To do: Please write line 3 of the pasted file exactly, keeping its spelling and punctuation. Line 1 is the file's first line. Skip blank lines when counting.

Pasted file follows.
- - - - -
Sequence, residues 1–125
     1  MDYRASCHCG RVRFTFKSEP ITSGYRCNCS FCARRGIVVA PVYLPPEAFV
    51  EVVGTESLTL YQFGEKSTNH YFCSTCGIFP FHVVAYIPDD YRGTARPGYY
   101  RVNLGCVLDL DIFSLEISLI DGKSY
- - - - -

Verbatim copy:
    51  EVVGTESLTL YQFGEKSTNH YFCSTCGIFP FHVVAYIPDD YRGTARPGYY